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Wednesday, January 29, 2020

The Politics of Inequality

A look at the chasms created by urbanisation in modern India and what that means to a developing nation

Written by Seema Chishti | Updated: August 8, 2015 1:20:33 am
Urbanisation in India, modern India, Urban india,  Harsh Mander, Harsh Mander book, Harsh Mander book review, Looking away Harsh Mander, looking away book review, latest book releases, latest book reviews Former IAS officer Harsh Mander presents a vivid account of a highly unequal and often invisible world of Indians, in his new book that is aimed for readers of all kinds.

The Pope was recently gifted a hammer and sickle with the holy crucifix embedded in it by Bolivian President Evo Morales. Maybe because the Pope pulls no punches regarding his views about a system of growing economic inequality. The BBC actually did a radio show in June titled “Is the Pope a Communist?” US President Barack Obama, too, by speaking often of issues with concentration of wealth, has evoked the spectre of socialism in sections. All these fearsome labels about two celebrated symbols of the West, and those hardly likely to describe themselves as socialists, just follow from the concern they routinely voice about market imperfections and for people on the wrong side of the prosperity divide.

Some of the anxiety voiced by the World Bank, and prominent economists like Paul Krugman, Joseph Stiglitz and Thomas Piketty (again not usual suspects) about the centrality of inequality clouding the greatness of “great” nations strikes a chord, simply because concern for those not as prosperous has, in recent times, often been expressed either sporadically or through ideas of charity.

Former IAS officer Harsh Mander presents a vivid account of a highly unequal and often invisible world of Indians, in his new book that is aimed for readers of all kinds. It skillfully weaves in individual lives, their tough struggle for survival with the economic world which is imposing policy choices often completely disregarding them or willfully ignoring them. The author’s inspiration is his deep anxiety about India, politically and socially, over the dominant discourse that either ignores the vast masses of the underprivileged or increasingly makes a case for the acceptance of poverty. His assessment of the middle-class, which he defines as an increasingly affluent section whose rise in wealth is often proportional to its dismissal of any concern for those left behind, is worrying. Their normative justification of inequality, as he puts it, is a consequence of the old Indian ideas of caste, buttressed by notions of British class and finally topped up by a “celebration of conspicuous consumption” that is confused with progress and modernity routinely.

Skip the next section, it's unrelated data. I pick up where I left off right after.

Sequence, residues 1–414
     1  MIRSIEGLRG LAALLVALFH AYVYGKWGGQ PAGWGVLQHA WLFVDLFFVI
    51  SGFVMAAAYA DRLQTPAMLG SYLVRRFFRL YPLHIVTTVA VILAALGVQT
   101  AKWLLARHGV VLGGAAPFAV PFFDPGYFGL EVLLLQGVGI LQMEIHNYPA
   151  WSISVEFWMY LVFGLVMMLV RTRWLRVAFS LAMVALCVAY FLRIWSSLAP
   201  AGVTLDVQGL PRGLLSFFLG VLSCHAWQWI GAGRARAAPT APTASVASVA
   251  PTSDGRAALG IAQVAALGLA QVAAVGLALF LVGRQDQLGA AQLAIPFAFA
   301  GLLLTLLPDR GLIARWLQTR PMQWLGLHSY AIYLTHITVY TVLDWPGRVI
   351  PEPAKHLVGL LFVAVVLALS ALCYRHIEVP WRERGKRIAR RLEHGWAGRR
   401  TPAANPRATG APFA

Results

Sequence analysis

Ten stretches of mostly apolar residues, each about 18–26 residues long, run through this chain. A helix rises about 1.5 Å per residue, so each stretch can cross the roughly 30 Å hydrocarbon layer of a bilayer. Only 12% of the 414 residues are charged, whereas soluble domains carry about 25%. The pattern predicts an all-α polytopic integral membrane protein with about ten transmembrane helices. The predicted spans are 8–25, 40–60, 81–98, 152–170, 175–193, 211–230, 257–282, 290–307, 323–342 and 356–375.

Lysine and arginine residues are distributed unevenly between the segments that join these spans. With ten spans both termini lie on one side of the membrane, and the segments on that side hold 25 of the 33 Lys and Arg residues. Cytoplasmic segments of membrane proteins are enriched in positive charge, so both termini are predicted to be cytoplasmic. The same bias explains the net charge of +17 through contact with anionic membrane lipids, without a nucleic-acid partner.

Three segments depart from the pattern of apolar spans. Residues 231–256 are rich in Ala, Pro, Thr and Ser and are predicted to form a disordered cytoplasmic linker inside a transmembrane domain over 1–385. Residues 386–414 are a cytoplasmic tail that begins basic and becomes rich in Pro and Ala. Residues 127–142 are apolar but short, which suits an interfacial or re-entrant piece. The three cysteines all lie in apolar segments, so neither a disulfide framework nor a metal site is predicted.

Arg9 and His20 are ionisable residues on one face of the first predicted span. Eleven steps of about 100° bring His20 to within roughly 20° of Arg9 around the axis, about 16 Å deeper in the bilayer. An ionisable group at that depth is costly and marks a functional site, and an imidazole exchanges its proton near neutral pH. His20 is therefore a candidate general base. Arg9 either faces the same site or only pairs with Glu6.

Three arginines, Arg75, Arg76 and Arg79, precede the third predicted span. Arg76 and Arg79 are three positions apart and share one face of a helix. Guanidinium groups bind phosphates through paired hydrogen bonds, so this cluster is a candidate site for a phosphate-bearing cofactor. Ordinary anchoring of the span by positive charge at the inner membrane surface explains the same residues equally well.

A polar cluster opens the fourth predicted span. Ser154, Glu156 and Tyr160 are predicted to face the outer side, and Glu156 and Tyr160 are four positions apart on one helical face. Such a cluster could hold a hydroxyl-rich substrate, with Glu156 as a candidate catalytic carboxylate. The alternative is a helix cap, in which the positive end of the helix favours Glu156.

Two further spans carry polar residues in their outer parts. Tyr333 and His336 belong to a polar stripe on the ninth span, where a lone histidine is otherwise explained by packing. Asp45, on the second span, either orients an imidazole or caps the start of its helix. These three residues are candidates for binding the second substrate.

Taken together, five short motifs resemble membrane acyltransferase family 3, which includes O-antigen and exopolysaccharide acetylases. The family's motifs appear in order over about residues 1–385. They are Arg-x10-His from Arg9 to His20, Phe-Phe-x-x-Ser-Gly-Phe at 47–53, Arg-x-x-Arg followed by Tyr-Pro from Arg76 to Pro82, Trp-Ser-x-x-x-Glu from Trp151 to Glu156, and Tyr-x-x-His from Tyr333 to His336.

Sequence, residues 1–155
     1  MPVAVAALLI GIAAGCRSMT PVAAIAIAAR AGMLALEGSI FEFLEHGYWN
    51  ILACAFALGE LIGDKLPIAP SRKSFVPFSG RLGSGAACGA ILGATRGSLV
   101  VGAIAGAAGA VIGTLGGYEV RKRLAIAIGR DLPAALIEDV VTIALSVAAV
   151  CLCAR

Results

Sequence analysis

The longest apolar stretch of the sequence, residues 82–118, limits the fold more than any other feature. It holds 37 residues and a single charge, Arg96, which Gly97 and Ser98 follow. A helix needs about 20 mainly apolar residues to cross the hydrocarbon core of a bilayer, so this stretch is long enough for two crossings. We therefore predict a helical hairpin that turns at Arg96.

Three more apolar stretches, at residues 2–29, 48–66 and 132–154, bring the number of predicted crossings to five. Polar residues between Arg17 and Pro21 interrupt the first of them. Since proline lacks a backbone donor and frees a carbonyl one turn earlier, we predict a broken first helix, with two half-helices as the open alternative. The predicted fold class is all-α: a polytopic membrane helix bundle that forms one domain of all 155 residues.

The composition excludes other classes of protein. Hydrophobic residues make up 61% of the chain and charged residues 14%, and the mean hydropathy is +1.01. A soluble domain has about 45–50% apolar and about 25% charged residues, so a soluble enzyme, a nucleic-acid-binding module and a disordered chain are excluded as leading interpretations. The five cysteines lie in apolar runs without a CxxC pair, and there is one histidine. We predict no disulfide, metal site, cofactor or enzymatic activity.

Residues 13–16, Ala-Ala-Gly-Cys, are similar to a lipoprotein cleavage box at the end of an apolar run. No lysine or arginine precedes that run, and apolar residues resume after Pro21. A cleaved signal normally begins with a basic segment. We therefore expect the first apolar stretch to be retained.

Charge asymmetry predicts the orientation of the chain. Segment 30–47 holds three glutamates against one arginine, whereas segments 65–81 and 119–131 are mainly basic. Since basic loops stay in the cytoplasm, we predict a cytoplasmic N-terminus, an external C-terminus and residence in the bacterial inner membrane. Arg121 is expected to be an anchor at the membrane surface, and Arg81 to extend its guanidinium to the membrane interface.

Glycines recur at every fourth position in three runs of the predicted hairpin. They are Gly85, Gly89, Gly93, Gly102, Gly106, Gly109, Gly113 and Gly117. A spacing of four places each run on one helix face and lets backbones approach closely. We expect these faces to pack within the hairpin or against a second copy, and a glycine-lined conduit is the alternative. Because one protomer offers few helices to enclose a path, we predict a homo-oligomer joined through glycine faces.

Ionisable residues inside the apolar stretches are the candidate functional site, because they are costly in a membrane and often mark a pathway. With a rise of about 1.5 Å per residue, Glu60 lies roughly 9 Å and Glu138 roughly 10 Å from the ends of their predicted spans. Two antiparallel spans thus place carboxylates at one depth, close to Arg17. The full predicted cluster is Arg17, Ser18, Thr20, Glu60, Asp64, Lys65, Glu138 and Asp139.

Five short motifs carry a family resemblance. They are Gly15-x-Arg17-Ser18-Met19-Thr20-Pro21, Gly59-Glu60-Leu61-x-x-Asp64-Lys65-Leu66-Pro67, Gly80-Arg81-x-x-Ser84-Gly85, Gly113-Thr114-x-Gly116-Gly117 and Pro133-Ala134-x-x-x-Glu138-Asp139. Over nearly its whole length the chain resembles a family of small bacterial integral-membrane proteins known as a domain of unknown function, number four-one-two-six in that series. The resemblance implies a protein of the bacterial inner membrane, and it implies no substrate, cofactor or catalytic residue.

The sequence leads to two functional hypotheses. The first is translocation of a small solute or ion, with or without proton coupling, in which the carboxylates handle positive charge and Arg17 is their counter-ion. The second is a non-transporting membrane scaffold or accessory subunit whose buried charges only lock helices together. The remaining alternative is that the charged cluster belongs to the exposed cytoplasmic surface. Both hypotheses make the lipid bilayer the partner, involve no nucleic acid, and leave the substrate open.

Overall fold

The book focusses on uprooted lives, migrants and children and the big toll that urbanisation and a quest for an (often mistaken) “world-class”, comfortable life takes on those who make it possible. No fan of the governing philosophies — both “market fundamentalism” and “majoritarianism” — of the current government, Mander makes his case on how policies, exacerbated now, but playing out over three decades, have made lives at the bottom of the pile unbearable. The author does well to not go down the road of rubbishing the past entirely, and acknowledges the significant leaps in economic and social terms over decades. But he centres his attack on those who have a voice, yet remain unmindful of the millions who remain under the policy and empathy radar.

Mander discusses economic and social inequality, separately. There are no wonder drugs prescribed, but his solutions, as those familiar with his work at the National Advisory Council would recall, centre around public provisioning of vitals like health and education, not hesitating to cite from some of the more equitable examples found in some countries of the West and in China. The author is confident that to move towards a generally more sustainable and happier episode in the India growth story would necessarily involve the reinstatement of the idea of fraternity and comradeship as a vital social good (and glue).

Mander could be accused of sometimes romanticising the idea of the poor in his account, but this work compels you to share his argument about India’s rapid descent into what political philosopher Michael Sandel calls, not just a market economy but a “market society”.

Looking Away: Inequality, Prejudice and Indifference in New India
Author: Harsh Mander
Publisher: Speaking Tiger Books
Pages: 418
Price: 495

 

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